TVB’s best idea, although doing it on the cheap, was rewarding HKD$10,000(~$USD1,280) to anyone with new ideas for screenplay. Hence the screenplay for the Exorcist’s Meter (降魔的).
Supernatural stories are nothing new, but when you add some local flavors,
i.e. Hong Kong cab driver with supernatural capabilities, you have yourself a show with lots of potential. There are award buzzes for Kenneth Ma after years of not breaking into top ranks.
Kenneth Ma? Vincent Wong? This TVB awards season should be interesting.
I am surprised TVB and iQiYi decided Legal Mavericks should divide into two seasons. Usually TVB would produce a series 2 long after series 1 is over and got excellent feedback. A completely produced series only splits because of logic, and usually would be labeled with named parts, such as the The Legend of the Condor Heroes was split into three parts: The Iron-Blooded Loyalists, The Eastern Heretic and Western Venom, and The Duel on Mount Hua. The words “Season 2” is never used in completely produced series.
I need to go back to re-watch a few episodes because I’m more or less on iQiYi’s schedule, and the time split was a little long for me to regain my watching momentum. But, this is one of the shows in recent years where the writing is thoughtful and thorough, the actors are putting in serious effort. I am hoping TVB would be kind to this drama during awards season.
I declare Season 10 of Doctor Who Revival to be the best season. I am serious. Christopher Eccleston started the revival, David Tennant brought the series to UK popularity, and Matt Smith brought the series to US audience.
Honestly, I think Seasons 8 and 9 was a little lost, as if the writers don’t know what to do with Clara. So the writers got really, really smart about Bill and her story line in the finale (no spoilers) and I really like writers’ treatment for her.
Season 10 is different from Seasons 8 and 9, and it is not just about the new companions. The writing is much tighter and the story arc is actually the entire season. You can have great actors, but the script…the script sets up everything. BBC, whomever the writers are you brought on board this season, keep them.
To be honest, I’ve lost faith in TVB drama years ago. I lost interest in watching TVB dramas back-to-back some time around 2003, and some time around 2007 I’ve lost track on what’s TVB’s newest offerings, only down to one drama every other year. This is in contrast to the 80’s and 90’s when I know every show like the back on my hand. I will dig around and share the first show I ever watched on TVB.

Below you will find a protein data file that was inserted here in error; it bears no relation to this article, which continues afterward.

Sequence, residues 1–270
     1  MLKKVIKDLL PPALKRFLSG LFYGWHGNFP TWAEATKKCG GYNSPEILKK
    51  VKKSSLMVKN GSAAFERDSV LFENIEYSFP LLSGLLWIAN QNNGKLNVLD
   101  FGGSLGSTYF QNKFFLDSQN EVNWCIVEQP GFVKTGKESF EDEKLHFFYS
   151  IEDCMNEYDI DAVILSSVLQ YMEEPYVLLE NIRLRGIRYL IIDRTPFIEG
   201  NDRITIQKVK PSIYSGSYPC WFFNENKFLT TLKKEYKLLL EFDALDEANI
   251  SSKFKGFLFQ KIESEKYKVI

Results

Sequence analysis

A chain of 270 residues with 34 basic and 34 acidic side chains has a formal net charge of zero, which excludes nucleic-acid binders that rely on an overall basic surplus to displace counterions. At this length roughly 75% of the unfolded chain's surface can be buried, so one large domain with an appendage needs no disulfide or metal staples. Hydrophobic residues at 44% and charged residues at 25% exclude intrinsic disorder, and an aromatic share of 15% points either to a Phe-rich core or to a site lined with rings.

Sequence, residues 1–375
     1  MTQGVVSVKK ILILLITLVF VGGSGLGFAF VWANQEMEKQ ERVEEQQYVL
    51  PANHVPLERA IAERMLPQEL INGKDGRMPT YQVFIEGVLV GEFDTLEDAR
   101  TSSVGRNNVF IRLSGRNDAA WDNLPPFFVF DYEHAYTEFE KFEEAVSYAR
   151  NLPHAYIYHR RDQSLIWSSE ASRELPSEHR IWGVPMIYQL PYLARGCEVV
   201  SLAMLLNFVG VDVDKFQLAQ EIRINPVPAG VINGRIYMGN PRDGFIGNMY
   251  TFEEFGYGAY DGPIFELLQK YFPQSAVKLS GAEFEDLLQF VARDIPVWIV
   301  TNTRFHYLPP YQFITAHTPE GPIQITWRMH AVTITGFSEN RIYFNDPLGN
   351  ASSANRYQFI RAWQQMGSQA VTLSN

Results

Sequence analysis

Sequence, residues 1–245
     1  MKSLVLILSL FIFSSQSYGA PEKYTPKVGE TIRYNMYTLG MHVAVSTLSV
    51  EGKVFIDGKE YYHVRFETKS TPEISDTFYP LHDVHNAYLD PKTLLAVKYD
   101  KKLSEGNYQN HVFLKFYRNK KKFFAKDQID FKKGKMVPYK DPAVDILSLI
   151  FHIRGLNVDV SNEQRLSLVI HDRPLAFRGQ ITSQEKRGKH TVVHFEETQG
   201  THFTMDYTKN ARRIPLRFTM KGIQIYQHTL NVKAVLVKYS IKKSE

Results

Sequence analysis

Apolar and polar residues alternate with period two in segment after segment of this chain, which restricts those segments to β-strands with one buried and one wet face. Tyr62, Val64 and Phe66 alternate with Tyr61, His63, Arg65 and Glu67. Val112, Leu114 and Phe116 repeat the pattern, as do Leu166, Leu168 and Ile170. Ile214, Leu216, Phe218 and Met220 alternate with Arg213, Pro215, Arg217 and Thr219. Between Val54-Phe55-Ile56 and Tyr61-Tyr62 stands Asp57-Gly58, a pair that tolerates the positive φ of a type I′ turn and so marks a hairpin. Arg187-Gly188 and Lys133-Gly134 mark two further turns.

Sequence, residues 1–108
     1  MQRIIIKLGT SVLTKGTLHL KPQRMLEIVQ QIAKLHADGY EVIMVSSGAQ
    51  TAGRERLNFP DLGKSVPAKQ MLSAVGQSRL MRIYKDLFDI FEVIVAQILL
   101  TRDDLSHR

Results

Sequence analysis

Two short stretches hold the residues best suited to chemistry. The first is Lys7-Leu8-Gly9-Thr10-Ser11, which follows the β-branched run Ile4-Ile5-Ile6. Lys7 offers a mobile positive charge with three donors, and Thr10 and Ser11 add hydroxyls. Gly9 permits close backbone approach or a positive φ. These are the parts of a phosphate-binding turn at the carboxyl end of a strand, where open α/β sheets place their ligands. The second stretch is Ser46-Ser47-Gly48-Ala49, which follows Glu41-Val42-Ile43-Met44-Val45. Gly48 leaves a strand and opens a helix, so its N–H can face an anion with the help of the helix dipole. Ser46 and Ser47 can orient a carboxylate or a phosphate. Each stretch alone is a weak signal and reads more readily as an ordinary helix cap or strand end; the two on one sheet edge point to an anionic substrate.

So I was cautiously optimistic when I saw Legal Mavericks. Vincent Wong was pretty good in Over Run Over. Sisley Choi was hard to watch in Speed of Life, but it was probably her first or second drama, so I consider this checking back in to see if she made progress.
I like the back stories so far. Hope Man is a litigator who is also blind. Vincent Wong did his homework and make sure his portrayal of a blind person as a sighted person is convincing. Sisley Choi is better, though I think she’s not taking advantage of how much room she can work with Deanie, a buck tooth, scar-faced paralegal who has feelings for Hope Man.
It’s really weird where things go. I swear up and down I’d watch more K-dramas and ended up watching none, now I swear up and down I’d watch less TV and ended up watching my 4th drama this year already.
My #1 complaint with Korean shows in general is, the premise is fantastic and promising, and ended up flaming out towards the end of the show. The running joke is, the writing is enough to fill 12 episodes of plot but need to stretch out for 16 episodes. Honestly, Introverted Boss is one of those dramas where it leaves me wonder without the drastic rewrite in the middle, would it have been a better show. Do Bong Soon has her own plot holes but not enough for me to question the writing philosophy behind the show.